Client Alert - Abandonment Rules Clarified for Madrid Protocol Extensions to the U.S.
For the first time, the U.S. Trademark Trial and Appeal Board (“TTAB”) has clarified the rules about trademark abandonment claims relating to marks registered in the U.S. under the Madrid Protocol but not used in U.S. commerce.
On average, about 10% of the applications to register trademarks in the U.S. have been based on International Registrations under the Madrid Protocol. Non-U.S. parties generally designate an extension of the International Registration to the U.S. before any use has been made of the mark in U.S. commerce, either interstate or between the U.S. and another country.
When making the U.S. designation, the trademark applicant is required to declare a bona fide intention to use the mark in U.S. commerce. However, there is no requirement that the non-U.S. party actually use the mark in U.S. Commerce before the U.S. registration is issued.
In this respect, an applicant from a non-U.S. country, who bases its U.S. filing on an International Registration (just like a U.S. filing based on another country-of-origin application or registration), is treated better than most U.S. applicants, who generally cannot obtain a U.S. registration before they actually use the mark in U.S. Commerce.
Even though the non-U.S. party can obtain this preferential treatment to obtain a U.S. registration, that does not mean that the non-U.S. party is free forever of any need to use the mark in U.S. commerce, or at least to take steps intended to lead to such use, such as looking for a U.S. licensee or distributor. Failure to take such steps could lead to a finding that the U.S. rights have been abandoned by virtue of the non-use of the mark with an intent not to “resume” (or at least commence) such use.
Under the U.S. trademark law, non-use for three consecutive years is considered prima facie evidence of that intent. Unless effectively rebutted, such non-use could result in abandonment of the mark and cancellation of the U.S. registration.
Until now, the following question has remained unanswered: What is the earliest point in time from which the period of non-use may be measured for an abandonment claim as to a Madrid Protocol extension to the U.S.?
The TTAB has now answered this question in a precedential ruling: A cancellation petitioner making an abandonment claim must allege:
(a) three or more consecutive years of non-use commencing no earlier than the date on which the registration was issued; or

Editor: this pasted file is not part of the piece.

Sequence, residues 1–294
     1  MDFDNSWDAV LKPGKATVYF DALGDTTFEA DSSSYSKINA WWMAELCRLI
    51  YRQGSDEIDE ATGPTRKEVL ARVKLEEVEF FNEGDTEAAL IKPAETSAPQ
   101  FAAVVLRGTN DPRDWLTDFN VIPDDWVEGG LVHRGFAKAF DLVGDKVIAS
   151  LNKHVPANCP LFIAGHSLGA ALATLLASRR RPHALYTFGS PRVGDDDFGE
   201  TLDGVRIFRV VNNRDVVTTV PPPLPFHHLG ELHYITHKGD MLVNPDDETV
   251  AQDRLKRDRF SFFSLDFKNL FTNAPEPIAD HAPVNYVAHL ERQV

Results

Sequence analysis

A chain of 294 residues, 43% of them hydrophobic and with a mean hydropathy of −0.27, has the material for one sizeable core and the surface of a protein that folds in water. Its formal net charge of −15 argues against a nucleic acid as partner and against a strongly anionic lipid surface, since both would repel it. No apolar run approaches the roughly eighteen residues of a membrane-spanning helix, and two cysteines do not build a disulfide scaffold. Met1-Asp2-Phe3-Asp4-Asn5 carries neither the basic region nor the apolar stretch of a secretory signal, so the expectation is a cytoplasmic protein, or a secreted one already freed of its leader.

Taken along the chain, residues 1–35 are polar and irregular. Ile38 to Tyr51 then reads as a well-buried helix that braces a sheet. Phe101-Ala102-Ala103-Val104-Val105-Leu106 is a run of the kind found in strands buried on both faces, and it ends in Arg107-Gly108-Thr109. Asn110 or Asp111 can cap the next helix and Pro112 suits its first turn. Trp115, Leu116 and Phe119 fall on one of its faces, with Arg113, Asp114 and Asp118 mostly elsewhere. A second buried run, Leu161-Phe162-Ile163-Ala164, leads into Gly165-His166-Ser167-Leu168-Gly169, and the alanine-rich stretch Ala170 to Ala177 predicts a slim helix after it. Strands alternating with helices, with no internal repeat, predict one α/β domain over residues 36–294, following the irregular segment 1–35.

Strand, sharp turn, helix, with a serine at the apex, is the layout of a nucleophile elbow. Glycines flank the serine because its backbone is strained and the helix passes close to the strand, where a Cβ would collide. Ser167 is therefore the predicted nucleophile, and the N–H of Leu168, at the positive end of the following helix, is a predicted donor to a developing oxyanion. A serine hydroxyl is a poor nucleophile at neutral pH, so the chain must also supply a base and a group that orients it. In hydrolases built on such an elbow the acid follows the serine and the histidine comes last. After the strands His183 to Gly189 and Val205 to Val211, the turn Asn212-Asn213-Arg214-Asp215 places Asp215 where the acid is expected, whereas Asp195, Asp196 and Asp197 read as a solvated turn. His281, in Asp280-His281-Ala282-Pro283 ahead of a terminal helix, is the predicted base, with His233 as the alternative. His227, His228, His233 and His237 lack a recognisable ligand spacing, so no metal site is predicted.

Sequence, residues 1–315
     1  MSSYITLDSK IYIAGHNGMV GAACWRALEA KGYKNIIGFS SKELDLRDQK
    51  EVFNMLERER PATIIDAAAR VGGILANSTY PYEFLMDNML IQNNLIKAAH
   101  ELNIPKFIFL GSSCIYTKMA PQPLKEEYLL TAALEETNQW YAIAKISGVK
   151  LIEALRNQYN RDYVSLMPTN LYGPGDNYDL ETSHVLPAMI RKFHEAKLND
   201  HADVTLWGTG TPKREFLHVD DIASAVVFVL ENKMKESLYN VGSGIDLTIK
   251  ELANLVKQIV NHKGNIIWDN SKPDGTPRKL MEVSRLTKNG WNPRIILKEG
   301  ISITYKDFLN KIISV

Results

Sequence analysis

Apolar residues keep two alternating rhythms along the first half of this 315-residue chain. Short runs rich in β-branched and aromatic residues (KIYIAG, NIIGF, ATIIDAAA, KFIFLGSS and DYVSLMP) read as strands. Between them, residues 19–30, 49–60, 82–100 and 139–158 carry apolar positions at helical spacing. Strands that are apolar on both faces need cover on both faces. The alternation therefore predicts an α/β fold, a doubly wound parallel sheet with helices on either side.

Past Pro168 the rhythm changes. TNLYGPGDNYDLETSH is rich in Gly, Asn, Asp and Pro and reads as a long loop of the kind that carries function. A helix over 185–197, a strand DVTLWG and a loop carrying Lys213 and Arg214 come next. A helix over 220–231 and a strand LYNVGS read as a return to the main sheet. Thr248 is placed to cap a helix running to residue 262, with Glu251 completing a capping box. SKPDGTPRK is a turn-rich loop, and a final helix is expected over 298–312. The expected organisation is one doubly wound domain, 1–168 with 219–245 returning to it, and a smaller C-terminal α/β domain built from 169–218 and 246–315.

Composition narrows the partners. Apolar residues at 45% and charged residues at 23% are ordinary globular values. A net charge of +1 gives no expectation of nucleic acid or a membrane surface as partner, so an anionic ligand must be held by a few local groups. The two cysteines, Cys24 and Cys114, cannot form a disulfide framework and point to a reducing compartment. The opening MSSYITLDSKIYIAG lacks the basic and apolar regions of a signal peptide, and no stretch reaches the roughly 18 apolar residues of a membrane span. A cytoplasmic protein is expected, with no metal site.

(b) if the period of non-use commencing no earlier than the date of registration and extending to the filing date of the claim is less than three years, facts supporting non-use after the date of registration, coupled with an intent not to resume (or commence) use.
This is the same rule that has been applied to trademark registrations based on country-of-origin applications or registrations.
The precedential case deciding this question was Dragon Bleu (SARL) v. VENM, LLC, Opposition No. 91212231 (T.T.A.B. December 1, 2014).
Dragon opposed a U.S. application to register the mark VENM (in standard characters) for “dance costumes,” alleging likelihood of confusion with its mark VENUM for various articles of clothing for the practice of martial arts. The applicant counterclaimed for the cancellation of Dragon’s registrations on various grounds. Two of those registrations had been based on Madrid Protocol extensions, but the applicant alleged that those marks had been abandoned for non-use as to at least some of the goods. Dragon moved to dismiss the counterclaims.
The TTAB found that the abandonment claim had been filed less than three years after the date of the registrations, but that the applicant had not pleaded any facts as to the registrant’s lack of an intention to commence use. For this reason, applying the new rule, Dragon’s motion to dismiss the abandonment claim was granted, but the applicant was given thirty days to submit a sufficiently amended abandonment claim.
Even though a U.S. registration may be granted pursuant to the Madrid Protocol without any use of the mark in U.S. commerce, the registrant should not assume that its rights are secure. Instead, within three years of the date of registration, it should arrange to use its mark in U.S. commerce, itself or through a licensee or distributor, or at least it should create a written record to support its intention to make such use. This could avoid a successful claim that it has abandoned its mark and that its U.S. registration should be cancelled.
On the other hand, a cancellation claimant should carefully plead either (a) that the non-use has continued for at least three consecutive years after the date of registration; or (b) facts supporting the claims of non-use and of an intent not to commence use.
Of course, as is true of all U.S. registrations, a statement of use (or in rare cases, excusable non-use) must be filed in the U.S. Patent and Trademark Office during the fifth year of the registration plus a six-month grace period. If it is not filed, the U.S. registration will be cancelled.
For further information about trademarks, please contact William M. Borchard or your CLL attorney.